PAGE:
September started with a very wet and rainy Spring Day. Three days later on the 3rd of September 2020 the Bergriver “invaded” the golf course on the 5th hole, reaching its highest flow for the last three years. Luckily there was no damage and we could continue play even with a very narrow fairway.
On the same day the Bergriver invaded the 5th, Janet Malan decided to invade the 17th and claimed her second hole-in-one in her career. As tradition now stands, especially amongst the ladies group, the inevitable swim in the clubhouse dam ended off a wonderful day for Janet.
Congratulations from our side and may there be many more swims in our clubhouse dam.
Watch the video below and join Janet on her swim.
The interim bar started off slowly but it did not take long for the Paarl Golf Club vibe to get back in action. Thanks to Golfing Goat for making that happen again. Please note that we will still operate without waiters till more relaxed Covid regulations will allow us more contact between the bar and the members.
Members please note that the Club Championships will be hosted on Saturday the 31st of October and Sunday the 1st of November 2020. Since we will have certain divisions playing 27 holes per day, we will only be able to accommodate 120 players in the field. We are FULLY BOOKED.
Please support and get your lucky number in the draw
The Club Draw, which will have its first draw on Friday 16 October 2020, is in full swing. Please make sure that you do not lose out on having a number in that draw. Remember you cannot enter after the closing date which is the 30th of September 2020.
The draw will be for members only and entries can be done through the poster below. Click on the poster to enter. The cost is R100 per month via debit order or R1200 once off for the year, and payment information will be sent through once the entry has been received. Members must commit to a one-year entry and cannot select which months they want to enter for.
Entries close 30 September 2020 and the first Draw will take place on Friday 16 October 2020.
We are currently on 314 members so please register on the app.
This week we get to know our lucky number 300 Spotlight Social winner Christo Lombard. Thanks Christo for being a sport and completing the questionnaire and from our side thanks for joining Spotlight Social. We wish you many years of happy golfing here in Paarl.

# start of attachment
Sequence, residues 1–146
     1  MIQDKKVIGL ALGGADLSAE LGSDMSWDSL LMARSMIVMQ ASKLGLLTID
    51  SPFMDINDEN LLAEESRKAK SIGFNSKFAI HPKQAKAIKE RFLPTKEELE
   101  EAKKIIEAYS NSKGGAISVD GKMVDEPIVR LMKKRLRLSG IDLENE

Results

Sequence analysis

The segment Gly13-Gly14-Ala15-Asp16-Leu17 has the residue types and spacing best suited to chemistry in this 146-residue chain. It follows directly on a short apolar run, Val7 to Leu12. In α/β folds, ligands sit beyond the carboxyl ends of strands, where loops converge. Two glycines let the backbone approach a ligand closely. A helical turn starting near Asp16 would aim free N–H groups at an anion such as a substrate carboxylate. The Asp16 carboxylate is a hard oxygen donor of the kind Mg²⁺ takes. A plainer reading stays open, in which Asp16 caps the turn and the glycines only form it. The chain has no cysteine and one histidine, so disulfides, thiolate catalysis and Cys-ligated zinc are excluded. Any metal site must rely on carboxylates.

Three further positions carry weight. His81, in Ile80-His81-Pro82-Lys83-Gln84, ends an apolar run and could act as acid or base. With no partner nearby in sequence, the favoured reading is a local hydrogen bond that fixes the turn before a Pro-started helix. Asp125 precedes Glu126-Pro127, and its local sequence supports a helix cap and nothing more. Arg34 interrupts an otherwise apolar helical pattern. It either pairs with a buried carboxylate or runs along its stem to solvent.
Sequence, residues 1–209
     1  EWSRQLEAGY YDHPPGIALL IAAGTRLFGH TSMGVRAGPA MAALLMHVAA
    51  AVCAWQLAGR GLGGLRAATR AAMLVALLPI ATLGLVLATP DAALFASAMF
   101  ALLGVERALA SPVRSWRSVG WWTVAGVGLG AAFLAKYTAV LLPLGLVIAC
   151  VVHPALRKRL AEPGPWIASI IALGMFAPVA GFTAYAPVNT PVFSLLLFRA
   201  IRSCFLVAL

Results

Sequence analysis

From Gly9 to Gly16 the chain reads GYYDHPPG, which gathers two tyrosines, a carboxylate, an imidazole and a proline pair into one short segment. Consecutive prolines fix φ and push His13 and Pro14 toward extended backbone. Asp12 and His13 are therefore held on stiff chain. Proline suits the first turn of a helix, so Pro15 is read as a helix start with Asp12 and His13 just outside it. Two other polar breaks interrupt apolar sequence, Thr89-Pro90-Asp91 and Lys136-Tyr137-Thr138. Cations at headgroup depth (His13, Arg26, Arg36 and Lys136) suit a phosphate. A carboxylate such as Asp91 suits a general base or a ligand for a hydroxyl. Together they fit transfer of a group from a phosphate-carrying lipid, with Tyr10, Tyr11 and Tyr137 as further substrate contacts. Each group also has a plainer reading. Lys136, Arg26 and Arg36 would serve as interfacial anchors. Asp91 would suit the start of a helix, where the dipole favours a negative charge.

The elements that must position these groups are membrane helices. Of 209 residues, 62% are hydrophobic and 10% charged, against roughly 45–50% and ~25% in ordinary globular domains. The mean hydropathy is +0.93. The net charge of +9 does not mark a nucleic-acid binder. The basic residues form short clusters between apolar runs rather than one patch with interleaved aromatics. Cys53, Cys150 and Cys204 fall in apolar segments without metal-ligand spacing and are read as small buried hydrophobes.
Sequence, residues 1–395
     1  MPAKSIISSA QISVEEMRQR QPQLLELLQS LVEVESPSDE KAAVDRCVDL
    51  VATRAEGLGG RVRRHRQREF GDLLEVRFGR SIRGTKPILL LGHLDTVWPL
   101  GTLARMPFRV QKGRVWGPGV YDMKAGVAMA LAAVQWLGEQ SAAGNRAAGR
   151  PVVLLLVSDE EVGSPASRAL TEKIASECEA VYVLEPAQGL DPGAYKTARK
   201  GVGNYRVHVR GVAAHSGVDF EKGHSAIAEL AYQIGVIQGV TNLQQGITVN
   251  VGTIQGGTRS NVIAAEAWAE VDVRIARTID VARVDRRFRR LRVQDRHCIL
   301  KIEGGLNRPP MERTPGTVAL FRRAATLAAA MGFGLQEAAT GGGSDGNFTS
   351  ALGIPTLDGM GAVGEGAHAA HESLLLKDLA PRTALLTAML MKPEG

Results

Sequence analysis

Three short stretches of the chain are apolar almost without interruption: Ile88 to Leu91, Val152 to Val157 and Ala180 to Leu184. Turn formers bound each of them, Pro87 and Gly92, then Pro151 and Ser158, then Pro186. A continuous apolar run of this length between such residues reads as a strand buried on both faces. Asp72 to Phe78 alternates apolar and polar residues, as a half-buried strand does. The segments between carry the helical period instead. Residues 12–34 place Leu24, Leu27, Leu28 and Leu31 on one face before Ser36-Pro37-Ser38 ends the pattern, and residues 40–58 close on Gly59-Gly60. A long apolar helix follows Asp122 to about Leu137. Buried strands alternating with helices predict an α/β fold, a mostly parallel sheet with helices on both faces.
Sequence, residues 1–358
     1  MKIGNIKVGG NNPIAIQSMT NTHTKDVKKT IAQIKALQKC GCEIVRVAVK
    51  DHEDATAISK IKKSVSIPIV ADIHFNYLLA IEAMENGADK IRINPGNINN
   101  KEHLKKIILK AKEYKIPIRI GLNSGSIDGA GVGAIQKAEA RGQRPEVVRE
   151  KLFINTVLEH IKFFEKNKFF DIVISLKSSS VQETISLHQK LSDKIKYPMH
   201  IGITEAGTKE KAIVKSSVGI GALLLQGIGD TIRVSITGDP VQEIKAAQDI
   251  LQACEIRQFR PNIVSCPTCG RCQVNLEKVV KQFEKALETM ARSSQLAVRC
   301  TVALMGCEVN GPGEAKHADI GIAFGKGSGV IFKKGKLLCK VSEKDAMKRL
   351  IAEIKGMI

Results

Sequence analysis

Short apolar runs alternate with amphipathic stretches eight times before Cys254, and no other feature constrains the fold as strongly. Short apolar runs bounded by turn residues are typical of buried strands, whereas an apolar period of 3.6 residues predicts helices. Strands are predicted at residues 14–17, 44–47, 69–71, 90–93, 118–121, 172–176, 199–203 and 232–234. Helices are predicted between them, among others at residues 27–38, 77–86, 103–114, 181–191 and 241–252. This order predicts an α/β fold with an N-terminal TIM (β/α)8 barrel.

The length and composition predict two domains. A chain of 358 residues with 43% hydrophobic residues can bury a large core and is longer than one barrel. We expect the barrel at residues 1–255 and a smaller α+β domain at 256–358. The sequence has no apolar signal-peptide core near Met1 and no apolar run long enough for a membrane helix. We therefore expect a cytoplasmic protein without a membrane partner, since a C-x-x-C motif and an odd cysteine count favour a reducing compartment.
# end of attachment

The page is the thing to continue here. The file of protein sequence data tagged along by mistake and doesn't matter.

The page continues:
Holes-in-one are special because they are so rare. It comes at the least expected time!
Should you be lucky enough to get one, be reminded when it counts or not.
• You cannot play a round of golf by yourself and claim to have shot a hole-in-one.
Hole-in-one golfer’s duty
• You must ring the bell!
From a club perspective
• To have your name on the Club’s Hole-in-One board you must have completed an 18-hole round with a marker that can verify the result.
If you have any questions, please contact me at firstname.lastname@example.org
Enjoy your golf,
We see more and more members staying on the estate driving on the tee box of the driving range with their golf carts.
May we please request that you refrain from that, seeing that it restricts movement of other golfers on the tee box as well as does damage the grass unnecessarily. We also see members driving from their estate homes to the clubhouse using the golf course. May we ask that you rather use the tarred roads on the estate for that driving. We sometimes do have fertilizer on the fairways and when a golf cart drives over that freshly fertilized fairway it creates tracks on the fairway that will take some time to grow out.
Thanks to Peter Herrmann who identified “Magnum” on the right to be Phillip Bredenhan, an attorney from Bellville.
Brown-throated Martin (Afrikaanse Oewerswael)
Look out for these birds on the 8th where they fly over the river and nest against the wall of the river.
The brown-throated martin or brown-throated sand martin (Riparia paludicola) is a small passerine bird in the swallow family.
It has a wide range in Africa. It is a partially migratory species, with some populations making seasonal movements. It is usually associated closely with water as its specific epithet paludicola suggest.
Behaviour, feeding and breeding
Its brown back, small size and quicker, jerkier flight separate brown-throated martins at once from most other members of the swallow family. It is most similar to the sand martin, Riparia riparia, which is its northern counterpart.
The 12 cm long brown-throated martin is brown above and white or pale brown below. It lacks the narrow brown band on the breast shown by the sand martin; the bill is black and the legs are brown. Sexes are similar, but the young have pale tips to the feathers on the rump and wings.
The brown-throated martin is colonial in its nesting habits, with many pairs breeding close together, according to available space. The nests are at the end of tunnels of 30 to 60 cm in length, bored in sandbanks. The actual nest is a litter of straw and feathers in a chamber at the end of the burrow. Two to four white eggs are the normal clutch, and are incubated by both parents.
If you have a favourite bird or would like to know more about a particular species flying around PGC, please let us know so that we can do some research and showcase it in next week’s Gazette.
I know this might be boring by now but please realise that we are still under Level 2 lockdown rules, which have not changed since inception. I see a lot of members and visitors who seem to forget that there are specific rules that we need to adhere to. Various golf courses have been visited by the police over the last three weeks and we don’t want Paarl Golf Club to be the reason why golf was stopped in the Western Cape. So please stick to the rules and ensure that everybody can play the game we love.